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Beat Magazine Joined: 9th December 2010
Last seen: 5th June 2012

Michael Rother @ The Corner

So much can be said of Krautrock’s influence on modern music. Although many of the musicians affiliated with the scene don’t identify themselves as Krautrock; (a term coined by English listeners) the German experimental music scene of the '70s facilitated the growth of future electronic, ambient, post rock and noise movements. It’s stimulus on music and sound art is undeniable. Having seen Michael Rother play an amazing set with Harmonia at ATP in 2009, it was with much anticipation that I ventured to tonight’s show. New War were first on and as usual, blow the audience away. Their sound is tight – the steady, driving drumbeat a perfect backbone for the melodic pairing of bass/keyboard and Chris Pugmire’s intense vocals. The set is slower paced this evening, but nonetheless poignant. Newly released 12” single Ghostwalking amazed in a live capacity.

 

Baptism Of Uzi were up next, their first song was a Harmonia-esque soaring instrumental that made me wonder why I hadn't seen these guys live before. The set was a nostalgic ride through kraut, prog and psychedelia and it was done really well. The only confusing bit for me was the addition of vocals. Perhaps it’s a reference to the way in which CAN utilises sporadic vocal sections in their songs; but I sound the disco style vocal lines a bit distracting. Regardless, Baptism Of Uzi were great and I look forward to seeing them again soon.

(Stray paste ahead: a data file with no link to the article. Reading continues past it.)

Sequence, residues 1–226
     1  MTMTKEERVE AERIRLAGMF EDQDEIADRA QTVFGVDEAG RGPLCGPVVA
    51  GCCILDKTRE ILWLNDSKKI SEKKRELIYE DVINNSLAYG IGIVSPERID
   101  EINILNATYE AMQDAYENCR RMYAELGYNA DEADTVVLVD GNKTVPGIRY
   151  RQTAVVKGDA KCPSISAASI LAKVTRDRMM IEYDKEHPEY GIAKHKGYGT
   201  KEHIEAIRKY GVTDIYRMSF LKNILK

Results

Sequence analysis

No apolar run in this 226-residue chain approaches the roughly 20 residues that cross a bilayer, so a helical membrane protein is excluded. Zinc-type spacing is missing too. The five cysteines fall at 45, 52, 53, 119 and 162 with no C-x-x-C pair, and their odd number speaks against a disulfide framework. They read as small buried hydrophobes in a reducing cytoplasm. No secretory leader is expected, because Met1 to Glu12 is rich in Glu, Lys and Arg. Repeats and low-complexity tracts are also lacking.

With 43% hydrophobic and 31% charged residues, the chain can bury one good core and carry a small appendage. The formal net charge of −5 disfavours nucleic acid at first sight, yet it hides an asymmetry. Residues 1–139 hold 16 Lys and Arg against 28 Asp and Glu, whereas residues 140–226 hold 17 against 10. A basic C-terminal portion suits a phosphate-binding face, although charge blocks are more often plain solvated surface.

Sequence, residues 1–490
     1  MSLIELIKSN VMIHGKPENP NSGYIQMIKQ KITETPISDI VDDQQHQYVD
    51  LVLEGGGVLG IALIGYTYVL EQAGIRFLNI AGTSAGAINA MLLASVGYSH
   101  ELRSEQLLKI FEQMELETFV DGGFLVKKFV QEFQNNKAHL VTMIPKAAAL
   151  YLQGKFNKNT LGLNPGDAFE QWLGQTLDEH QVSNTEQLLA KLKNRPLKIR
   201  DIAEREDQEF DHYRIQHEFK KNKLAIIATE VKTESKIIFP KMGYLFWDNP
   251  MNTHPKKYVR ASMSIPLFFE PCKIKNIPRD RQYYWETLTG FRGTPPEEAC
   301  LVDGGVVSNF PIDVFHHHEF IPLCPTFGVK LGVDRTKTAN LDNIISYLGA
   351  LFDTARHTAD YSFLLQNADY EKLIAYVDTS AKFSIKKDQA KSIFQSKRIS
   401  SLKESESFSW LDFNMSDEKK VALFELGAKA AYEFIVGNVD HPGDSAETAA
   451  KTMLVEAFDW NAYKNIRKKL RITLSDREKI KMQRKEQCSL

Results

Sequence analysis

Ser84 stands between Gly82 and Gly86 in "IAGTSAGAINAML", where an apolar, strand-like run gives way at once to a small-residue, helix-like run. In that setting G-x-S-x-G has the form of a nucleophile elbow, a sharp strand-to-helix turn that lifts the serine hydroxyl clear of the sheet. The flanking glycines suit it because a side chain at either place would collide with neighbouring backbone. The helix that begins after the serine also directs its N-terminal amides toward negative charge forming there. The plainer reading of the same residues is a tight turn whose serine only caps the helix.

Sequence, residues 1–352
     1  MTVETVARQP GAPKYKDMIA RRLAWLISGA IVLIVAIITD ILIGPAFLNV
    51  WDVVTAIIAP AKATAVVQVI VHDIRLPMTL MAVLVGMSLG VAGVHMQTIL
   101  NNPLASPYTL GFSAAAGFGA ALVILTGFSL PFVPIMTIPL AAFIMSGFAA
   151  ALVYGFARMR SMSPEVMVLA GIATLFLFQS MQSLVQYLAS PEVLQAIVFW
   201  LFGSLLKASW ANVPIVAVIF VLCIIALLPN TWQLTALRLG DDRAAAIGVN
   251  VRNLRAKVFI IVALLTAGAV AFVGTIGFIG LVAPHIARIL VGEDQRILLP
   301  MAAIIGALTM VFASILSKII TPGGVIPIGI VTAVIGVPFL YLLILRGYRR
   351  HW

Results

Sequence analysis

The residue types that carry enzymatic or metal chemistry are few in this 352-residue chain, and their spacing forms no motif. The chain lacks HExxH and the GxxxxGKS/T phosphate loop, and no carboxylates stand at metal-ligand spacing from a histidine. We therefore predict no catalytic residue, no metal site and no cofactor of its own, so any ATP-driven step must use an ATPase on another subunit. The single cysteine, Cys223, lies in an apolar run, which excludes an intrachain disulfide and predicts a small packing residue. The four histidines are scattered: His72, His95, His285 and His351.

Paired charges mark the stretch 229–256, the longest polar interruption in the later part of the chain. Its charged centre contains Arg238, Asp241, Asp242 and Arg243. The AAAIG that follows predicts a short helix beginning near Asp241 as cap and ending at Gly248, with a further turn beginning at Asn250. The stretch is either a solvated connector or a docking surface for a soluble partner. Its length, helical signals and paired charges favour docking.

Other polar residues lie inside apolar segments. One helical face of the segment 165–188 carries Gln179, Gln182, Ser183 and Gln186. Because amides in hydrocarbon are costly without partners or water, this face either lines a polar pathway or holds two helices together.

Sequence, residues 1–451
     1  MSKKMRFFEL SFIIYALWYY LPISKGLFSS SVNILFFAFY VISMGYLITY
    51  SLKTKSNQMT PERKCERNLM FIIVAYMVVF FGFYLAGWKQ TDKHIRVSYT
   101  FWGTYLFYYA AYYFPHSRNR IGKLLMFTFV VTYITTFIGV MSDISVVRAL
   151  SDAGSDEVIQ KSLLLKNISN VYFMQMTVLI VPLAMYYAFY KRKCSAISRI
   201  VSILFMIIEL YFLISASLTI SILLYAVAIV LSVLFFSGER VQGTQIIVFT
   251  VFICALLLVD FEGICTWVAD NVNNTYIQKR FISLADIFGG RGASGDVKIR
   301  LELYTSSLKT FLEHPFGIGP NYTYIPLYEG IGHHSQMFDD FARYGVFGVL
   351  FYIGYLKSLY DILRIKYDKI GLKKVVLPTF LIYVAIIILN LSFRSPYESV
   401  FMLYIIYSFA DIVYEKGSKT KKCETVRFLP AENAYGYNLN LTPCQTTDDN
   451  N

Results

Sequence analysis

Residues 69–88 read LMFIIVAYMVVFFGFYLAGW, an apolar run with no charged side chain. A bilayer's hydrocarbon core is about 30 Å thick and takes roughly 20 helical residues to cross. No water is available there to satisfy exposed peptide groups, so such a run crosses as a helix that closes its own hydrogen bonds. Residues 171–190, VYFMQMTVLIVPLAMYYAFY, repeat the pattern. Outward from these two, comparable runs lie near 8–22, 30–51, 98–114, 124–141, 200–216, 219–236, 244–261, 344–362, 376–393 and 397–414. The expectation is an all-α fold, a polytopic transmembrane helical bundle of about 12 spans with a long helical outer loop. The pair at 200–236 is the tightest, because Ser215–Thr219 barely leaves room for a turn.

Finally, Michael Rother took to the stage, joined by Dieter Moebius (Harmonia, Cluster) and Hans Lampe (touring drummer for Neu! on occasion). The trio's instruments had remained untouched since soundcheck, the opening bands playing on the smaller stage to the right of the venue. These meticulous precautions display just how serious these musicians are in perfecting their craft. This night's performance saw Rother and Co move through music from seminal Neu! and Harmonia outputs, however, these were not carbon copies of the old recordings. Re-imagining these songs for a new epoch, old favorites had been reworked in a fresh and innovative way. Classics such as Neu!’s Hallo Gallo and I’m Gluck continued to thrill the close-to-capacity crowd. Rother’s distinctive guitar playing ebbed and flowed from lush ambience to harder psychedlic washes, with Lampe’s insistent 4/4 ‘Motorik’ drumbeat was the perfect accompaniment. Some of the most interesting sounds of the night came from Dieter Moebius and his magic box of oscillating synths. Watussi from Harmonia’s 1974 album Music Von Harmonia was a welcome inclusion to the set, reworked in a more driving manner, showcasing Moebius’ machines. Swift proto acid sounds augmented the setlist in an adventurous way and showed just how warm analogue sounds can be. Like Harmonia’s exquisite peformance at Mount Buller, tonight left me feeling thankful I had the opportunity to listen to a piece of musical history, reworked but nonetheless affecting.

 

BY CASSANDRA KIELY

LOVED: Great crowd.
HATED: Sore back.
DRANK: Very little.